We talked about what it will really take to get ubiquity of open source hardware by 2025… and came to the conclusion that we need to focus on what makes OSH compelling - flexibility, speed of development, and generally being good at creating new and interesting stuff (combining unique things, creating new things). A main limitation is high quality, appropriate scale manufacturing + assembly. Problem with science is there are no ‘smoking guns’ (like the 3d printer was for maker spaces)… instead there are a million individual components, with small / limited markets… that’s a type of manufacturing that’s non-traditional, and requires a specific skill set, tool set, and background. Perhaps the best way to unleash open hardware is to have a comprehensive solution to the appropriate manufacturing and distribution problem so the community can focus on creativity and development.
What is the path to ubiquity?
If we’re realistic, we need to make a finished product that any person will use.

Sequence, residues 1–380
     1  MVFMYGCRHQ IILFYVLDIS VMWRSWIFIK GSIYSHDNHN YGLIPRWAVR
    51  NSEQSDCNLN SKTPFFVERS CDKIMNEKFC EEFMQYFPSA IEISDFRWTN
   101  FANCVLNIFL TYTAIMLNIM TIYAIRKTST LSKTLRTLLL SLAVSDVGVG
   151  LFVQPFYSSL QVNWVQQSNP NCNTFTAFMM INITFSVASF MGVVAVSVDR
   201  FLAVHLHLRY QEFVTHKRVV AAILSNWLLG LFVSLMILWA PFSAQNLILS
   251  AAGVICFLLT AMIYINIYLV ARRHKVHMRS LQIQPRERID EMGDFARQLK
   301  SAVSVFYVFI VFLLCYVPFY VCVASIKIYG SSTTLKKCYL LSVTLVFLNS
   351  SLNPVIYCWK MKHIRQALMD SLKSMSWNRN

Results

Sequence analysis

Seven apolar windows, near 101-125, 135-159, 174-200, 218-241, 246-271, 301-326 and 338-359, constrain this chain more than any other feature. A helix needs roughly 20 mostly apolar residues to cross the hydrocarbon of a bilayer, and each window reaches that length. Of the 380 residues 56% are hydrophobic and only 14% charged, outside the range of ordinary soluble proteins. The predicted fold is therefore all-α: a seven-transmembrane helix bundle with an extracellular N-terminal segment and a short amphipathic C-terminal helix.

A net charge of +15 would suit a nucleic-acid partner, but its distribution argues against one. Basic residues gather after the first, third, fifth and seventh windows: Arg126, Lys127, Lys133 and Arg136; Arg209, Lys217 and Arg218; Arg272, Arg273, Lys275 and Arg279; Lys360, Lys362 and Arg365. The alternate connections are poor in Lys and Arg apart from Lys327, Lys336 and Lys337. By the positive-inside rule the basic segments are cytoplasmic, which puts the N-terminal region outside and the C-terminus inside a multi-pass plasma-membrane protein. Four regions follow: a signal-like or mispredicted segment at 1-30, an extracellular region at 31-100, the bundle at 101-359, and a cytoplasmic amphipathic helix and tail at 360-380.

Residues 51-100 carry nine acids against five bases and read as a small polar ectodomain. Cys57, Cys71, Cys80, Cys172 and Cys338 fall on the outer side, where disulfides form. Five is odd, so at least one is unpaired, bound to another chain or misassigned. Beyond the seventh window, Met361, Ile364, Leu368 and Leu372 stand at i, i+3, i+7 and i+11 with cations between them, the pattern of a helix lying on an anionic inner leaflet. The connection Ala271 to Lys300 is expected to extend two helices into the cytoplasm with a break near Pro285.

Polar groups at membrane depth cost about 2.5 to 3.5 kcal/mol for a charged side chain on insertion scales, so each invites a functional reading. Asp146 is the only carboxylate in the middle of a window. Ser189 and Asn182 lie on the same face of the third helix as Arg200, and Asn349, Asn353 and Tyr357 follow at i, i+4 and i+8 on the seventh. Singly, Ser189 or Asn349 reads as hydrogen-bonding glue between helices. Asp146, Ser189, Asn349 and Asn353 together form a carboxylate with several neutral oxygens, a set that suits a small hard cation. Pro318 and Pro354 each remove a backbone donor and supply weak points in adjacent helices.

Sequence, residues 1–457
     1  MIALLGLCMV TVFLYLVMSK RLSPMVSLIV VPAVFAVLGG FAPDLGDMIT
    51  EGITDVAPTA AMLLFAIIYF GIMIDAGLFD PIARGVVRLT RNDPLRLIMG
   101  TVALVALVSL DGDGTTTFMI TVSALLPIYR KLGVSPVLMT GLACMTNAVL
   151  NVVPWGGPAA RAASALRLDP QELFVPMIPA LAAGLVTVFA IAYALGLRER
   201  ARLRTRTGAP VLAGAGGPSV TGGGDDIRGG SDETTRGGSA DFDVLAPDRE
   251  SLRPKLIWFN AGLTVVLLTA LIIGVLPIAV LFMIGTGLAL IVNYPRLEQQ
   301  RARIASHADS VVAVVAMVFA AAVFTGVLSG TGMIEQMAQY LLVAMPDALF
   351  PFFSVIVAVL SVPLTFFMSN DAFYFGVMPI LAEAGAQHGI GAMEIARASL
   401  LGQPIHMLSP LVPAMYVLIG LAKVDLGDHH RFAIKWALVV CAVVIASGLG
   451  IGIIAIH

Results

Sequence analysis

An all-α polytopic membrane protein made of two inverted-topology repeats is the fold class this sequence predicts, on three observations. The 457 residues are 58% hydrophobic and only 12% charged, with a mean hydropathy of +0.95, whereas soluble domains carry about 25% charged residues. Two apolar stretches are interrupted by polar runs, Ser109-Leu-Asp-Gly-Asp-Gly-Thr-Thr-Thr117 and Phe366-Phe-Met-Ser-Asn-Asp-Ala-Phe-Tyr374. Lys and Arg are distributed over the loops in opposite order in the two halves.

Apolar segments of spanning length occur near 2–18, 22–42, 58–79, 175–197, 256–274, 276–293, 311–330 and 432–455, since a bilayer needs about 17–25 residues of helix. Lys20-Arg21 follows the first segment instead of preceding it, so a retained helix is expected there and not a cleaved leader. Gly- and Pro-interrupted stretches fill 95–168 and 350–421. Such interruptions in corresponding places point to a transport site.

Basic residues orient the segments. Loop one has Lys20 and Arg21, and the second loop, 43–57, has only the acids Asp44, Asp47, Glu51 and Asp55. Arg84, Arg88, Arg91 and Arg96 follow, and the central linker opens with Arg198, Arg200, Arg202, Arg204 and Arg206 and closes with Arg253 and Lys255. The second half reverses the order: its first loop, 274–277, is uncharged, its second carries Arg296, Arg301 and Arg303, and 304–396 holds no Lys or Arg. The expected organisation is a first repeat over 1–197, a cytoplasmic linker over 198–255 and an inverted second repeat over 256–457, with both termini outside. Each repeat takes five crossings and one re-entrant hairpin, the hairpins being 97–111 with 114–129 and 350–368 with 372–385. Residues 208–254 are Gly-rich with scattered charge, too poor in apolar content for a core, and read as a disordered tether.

Can we use existing pathways that don’t involve manufacturing?.. maybe, probably not really
Where is the advantage of open source?
- not in manufacturing
- yes in innovation
Then how do we focus on innovation?
We get rid of manufacturing?
- can we do it without manfuacturing? Probably not
- can we take manfuacturing ‘off the table’ and make it work for us (our application).
… well, what about Seeed… in theory they do that?
… but it doesn’t seem that model is compelling, they have bigger better markets.
So maybe we need to have something that does ‘manufacturing for us’
- probably it would take years to work, existing projects probably wouldn’t switch
figure out how to keep costs low.
What is compelling about thatconpared to existing companies (seeed).
- software and data management
- packaging and professional development, marketing
- common marketing strategy
- knowledge of standards
- tutorials and documentation
- maybe coop model, or other social good or shared value